There are a number of supporting characters in this thriller. For the sake of space, I’ll discuss the main players without getting into the list of possible suspects. First there is his wife Maya; the original target of the serial killer. We will meet and get to know Maya in flashbacks throughout the story. She is Henry’s soulmate who believes they had been lovers in past lives who somehow continue to find each other after each reincarnation. Maya is half Lakota Sioux and half Native Hawaiian who, after her mother died when she was a young child, grew up on a South Dakota reservation with her Native American father. It was the many visions and visitations from her mother’s spirit that foretold of her meeting Henry and her journey back to Oahu to seek out the true cause of her mother’s death.
Eighteen-year veteran Detective Billy Iona had been Henry’s mentor when the latter was promoted from uniformed officer to Detective. The two had a love-hate relationship which was the catalyst for their eventual split as partners. Henry was too aggressive for Billy which always made the senior detective look bad. Billy is not only lazy and likes to take shortcuts, he is also a little slow on the uptake which often fuels Henry’s disrespect and sarcastic insults. Still, they share a professional bond that goes beyond explanation.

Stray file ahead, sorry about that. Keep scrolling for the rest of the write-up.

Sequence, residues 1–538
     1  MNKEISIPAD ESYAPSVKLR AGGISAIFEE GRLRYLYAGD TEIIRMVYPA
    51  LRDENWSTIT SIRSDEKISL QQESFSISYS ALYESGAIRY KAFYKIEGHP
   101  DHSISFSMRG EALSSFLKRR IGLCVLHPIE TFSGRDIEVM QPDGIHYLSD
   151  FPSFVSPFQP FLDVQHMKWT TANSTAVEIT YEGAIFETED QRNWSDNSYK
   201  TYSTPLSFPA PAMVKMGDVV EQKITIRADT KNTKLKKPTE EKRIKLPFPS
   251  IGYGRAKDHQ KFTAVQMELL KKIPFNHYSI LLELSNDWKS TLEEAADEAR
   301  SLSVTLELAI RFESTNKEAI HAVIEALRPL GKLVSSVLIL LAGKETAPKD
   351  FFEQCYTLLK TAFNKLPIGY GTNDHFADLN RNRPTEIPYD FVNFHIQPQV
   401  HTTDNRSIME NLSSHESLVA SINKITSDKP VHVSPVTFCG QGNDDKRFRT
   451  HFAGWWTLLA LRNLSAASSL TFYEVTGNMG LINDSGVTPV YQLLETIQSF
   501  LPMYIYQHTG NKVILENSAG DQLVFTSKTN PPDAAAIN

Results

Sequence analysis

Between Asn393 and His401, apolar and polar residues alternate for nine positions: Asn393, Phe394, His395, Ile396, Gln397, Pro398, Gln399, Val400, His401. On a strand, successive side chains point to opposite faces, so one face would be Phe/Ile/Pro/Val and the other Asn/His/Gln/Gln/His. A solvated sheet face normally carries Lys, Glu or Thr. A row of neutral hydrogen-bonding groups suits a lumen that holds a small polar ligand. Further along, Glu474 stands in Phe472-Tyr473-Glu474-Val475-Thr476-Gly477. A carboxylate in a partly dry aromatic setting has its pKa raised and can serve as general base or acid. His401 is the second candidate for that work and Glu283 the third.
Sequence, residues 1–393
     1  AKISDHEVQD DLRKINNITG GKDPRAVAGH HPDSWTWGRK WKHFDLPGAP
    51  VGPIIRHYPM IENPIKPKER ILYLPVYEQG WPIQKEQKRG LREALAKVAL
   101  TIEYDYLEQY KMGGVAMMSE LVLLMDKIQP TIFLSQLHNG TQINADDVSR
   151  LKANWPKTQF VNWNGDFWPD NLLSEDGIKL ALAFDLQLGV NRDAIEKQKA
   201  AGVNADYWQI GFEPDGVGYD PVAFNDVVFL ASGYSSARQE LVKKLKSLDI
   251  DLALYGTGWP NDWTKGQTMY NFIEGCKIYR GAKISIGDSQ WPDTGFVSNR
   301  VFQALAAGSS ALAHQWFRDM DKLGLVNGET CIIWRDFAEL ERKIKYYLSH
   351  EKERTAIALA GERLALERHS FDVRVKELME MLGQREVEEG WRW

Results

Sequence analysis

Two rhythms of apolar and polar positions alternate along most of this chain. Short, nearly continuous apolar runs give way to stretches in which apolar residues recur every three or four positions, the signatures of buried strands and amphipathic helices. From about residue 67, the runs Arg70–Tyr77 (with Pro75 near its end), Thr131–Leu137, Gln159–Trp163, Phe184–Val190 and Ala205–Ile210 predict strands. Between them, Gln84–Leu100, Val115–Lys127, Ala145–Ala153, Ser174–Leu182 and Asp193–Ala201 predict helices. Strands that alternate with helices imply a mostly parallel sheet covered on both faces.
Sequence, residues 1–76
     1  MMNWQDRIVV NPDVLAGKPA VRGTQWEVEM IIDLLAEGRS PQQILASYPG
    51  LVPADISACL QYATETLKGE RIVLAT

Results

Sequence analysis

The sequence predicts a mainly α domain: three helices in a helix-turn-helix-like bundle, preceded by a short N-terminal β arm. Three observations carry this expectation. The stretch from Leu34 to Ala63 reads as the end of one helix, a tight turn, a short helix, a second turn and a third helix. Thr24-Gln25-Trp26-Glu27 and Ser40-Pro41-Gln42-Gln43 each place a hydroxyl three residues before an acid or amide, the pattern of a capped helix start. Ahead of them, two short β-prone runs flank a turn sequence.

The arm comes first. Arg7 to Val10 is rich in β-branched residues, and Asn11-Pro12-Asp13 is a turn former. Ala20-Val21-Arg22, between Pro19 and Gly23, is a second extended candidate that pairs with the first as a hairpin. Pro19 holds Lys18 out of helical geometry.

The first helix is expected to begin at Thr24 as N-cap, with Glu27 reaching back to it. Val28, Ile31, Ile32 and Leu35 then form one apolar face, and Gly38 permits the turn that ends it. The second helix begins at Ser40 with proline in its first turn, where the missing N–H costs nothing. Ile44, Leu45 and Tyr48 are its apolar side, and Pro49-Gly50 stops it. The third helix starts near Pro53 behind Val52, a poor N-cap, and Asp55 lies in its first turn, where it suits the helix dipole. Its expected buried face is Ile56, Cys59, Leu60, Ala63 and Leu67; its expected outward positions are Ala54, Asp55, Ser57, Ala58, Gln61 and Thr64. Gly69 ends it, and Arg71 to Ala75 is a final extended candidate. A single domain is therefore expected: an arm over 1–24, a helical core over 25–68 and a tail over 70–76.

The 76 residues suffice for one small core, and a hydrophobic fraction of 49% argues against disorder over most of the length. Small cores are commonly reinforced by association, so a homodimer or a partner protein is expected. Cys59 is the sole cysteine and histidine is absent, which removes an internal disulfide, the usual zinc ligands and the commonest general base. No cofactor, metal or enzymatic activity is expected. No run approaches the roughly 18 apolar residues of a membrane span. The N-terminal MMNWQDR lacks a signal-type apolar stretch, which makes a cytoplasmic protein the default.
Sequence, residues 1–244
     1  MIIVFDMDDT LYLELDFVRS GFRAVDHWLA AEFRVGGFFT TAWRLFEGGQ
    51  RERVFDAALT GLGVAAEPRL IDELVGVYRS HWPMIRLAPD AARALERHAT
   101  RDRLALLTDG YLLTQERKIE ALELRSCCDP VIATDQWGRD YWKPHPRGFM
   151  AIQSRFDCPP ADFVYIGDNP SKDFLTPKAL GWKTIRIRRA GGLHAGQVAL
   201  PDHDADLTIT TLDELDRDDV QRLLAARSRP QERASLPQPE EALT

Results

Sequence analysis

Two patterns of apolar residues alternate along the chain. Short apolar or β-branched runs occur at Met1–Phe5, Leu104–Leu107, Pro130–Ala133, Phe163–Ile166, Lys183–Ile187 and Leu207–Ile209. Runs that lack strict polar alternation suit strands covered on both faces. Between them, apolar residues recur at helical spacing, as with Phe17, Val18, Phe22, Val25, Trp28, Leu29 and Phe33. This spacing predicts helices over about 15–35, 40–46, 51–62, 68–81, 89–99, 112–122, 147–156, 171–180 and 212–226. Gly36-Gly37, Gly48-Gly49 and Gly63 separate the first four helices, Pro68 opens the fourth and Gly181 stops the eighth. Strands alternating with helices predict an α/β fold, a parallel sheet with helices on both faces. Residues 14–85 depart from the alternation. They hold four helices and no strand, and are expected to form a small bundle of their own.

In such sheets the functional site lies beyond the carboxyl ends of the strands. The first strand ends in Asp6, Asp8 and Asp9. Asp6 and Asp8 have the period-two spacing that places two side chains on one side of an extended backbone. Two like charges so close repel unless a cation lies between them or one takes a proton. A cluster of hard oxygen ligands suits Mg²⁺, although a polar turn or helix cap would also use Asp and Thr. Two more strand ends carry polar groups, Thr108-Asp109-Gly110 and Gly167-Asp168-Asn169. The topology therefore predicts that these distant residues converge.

Hokulani is the proprietor of Henry and Maya’s favorite breakfast place on the Waianae Coast of West Oahu—the Oceanside café. She understands and respects Henry because she knows he honestly cares for the native Hawaiian people and he’s not afraid to voice his opinion; something that is not appreciated or welcomed by the locals because Henry is, and will always be considered an outsider. Hoku, as Henry calls her, offers up some of the best food with a heaping serving of sass to the well deserving, and has become a loyal friend to both Henry and Maya over the 13 years they’ve been frequenting the café. She will do anything for them.